Alex Pentland

From Wikipedia, the free encyclopedia
Alex "Sandy" Pentland
Born1951 (age 72–73)
Alma materUniversity of Michigan
Massachusetts Institute of Technology
Known forSocial physics, wearable computing, computational social science, computer vision
Scientific career
InstitutionsStanford University, MIT
ThesisVisual Inference of Shape: Computation from Local Features (1982)
Doctoral advisorWhitman Richards
Doctoral studentsDeb Roy
Irfan Essa
Rosalind Picard
Trevor Darrell
Tanzeem Choudhury
Nathan Eagle

Alex Paul "Sandy" Pentland (born 1951) is an American computer scientist, the Toshiba Professor of Media Arts and Sciences at MIT, and serial entrepreneur.


Pentland received his bachelor's degree from the University of Michigan and obtained his Ph.D. from Massachusetts Institute of Technology in 1982.


Pentland started as lecturer at Stanford University in both computer science and psychology, and joined the MIT faculty in 1986, where he became Academic Head of the Media Laboratory and received the Toshiba Chair in Media Arts and Sciences, and later joined the faculty of the MIT School of Engineering and the MIT Sloan School. He serves on the Board of the UN Global Partnership for Sustainable Development Data, advisory boards of Consumers Union, OECD and the Abu Dhabi Investment Authority Lab, and formerly of the American Bar Association, AT&T, and several of the startup companies he has co-founded. He previously co-founded and co-directed the Media Lab Asia laboratories at the Indian Institutes of Technology and Strong Hospital's Center for Future Health. Pentland is one of the most cited authors in computer science[1] with an h-index of 150, [2] co-led the World Economic Forum discussion in Davos[3] that led to the EU privacy regulation GDPR, and was one of the UN Secretary General's "Data Revolutionaries" that helped forge the transparency and accountability mechanisms in the UN's Sustainable Development Goals.[4]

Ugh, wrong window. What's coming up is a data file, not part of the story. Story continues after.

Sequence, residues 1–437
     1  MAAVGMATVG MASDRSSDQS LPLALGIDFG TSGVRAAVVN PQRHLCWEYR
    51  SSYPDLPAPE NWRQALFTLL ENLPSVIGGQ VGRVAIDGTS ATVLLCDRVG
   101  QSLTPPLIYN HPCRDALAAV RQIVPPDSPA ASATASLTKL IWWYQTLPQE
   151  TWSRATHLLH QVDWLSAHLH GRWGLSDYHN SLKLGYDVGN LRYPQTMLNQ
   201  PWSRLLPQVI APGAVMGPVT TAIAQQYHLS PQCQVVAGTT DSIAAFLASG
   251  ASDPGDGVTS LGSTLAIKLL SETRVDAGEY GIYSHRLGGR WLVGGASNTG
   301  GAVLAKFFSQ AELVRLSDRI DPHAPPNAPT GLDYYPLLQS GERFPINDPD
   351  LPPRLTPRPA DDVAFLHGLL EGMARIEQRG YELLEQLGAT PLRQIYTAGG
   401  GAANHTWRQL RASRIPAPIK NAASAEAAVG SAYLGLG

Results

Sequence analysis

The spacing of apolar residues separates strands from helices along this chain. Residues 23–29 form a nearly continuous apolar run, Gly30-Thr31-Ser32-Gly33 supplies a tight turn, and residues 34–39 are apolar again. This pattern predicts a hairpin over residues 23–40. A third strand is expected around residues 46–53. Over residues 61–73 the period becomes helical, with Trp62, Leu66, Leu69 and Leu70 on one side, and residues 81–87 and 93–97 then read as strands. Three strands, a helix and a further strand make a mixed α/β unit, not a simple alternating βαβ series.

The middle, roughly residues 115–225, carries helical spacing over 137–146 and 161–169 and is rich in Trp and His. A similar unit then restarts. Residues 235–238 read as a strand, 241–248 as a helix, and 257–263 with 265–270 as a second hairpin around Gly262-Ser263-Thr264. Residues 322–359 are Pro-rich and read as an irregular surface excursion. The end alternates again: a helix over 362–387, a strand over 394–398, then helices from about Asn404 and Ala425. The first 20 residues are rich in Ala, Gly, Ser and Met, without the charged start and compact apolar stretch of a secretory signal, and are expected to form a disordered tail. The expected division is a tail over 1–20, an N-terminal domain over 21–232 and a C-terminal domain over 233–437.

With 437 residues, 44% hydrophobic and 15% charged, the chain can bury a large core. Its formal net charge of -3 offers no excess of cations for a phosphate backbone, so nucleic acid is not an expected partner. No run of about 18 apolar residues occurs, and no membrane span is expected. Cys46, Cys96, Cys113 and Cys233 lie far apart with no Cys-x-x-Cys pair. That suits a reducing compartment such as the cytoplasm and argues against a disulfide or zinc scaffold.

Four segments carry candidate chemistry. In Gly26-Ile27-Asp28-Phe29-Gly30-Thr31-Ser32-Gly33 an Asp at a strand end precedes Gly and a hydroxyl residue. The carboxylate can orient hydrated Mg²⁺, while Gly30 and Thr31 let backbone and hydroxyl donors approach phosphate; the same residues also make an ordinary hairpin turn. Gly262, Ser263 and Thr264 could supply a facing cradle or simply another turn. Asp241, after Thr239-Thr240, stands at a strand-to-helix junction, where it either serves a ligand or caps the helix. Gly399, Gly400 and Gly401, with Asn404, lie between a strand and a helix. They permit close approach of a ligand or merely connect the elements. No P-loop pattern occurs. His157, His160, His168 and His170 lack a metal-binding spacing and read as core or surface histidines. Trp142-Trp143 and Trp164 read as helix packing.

Pentland founded and currently directs MIT Connection Science[5] an MIT-wide program which pioneered computational social science, using big data and AI to better understand human society, and the Trust::Data Alliance[6] which is an alliance of companies and nations building open-source software that makes AI and data safe, trusted and secure. He also founded the MIT Media Lab Entrepreneurship Program[7] which creates ventures to take cutting-edge technologies into the real world, was Academic Director of the Data-Pop Alliance,[8] and co-founder of Imagination In Action[9] which brings world-changing inventors together with leaders of governments and companies.

In 2011 Tim O’Reilly named him one of the world's seven most powerful data scientists[10] along with Larry Page, then CEO of Google and the CTO of the Department of Health and Human Services. Recent invited keynotes include annual meetings of U.S. National Academy of Engineering, OECD, G20, World Bank, and JP Morgan.

Pentland's research focuses on next-gen Web infrastructure, AI, Computational Social Science, and Privacy. His research helps people better understand the "physics" of their social environment, and helps individuals, companies and communities to reinvent themselves to be safer, more productive, and more creative. He has previously been a pioneer in wearable computing,[11] ventures technology for developing nations,[12] and image understanding.[13] His research has been featured in Nature, Science, and Harvard Business Review, as well as being the focus of TV features on BBC World, Discover and Science channels.[citation needed]

Companies co-founded or incubated by Pentland's lab include the largest rural health care service delivery system in the world,[14] the advertising arm of Alibaba,[15] the identity authentication technology that powers India's digital identity system Aadhaar,[16] and rural service outlets for India's largest payment solutions provider.[17]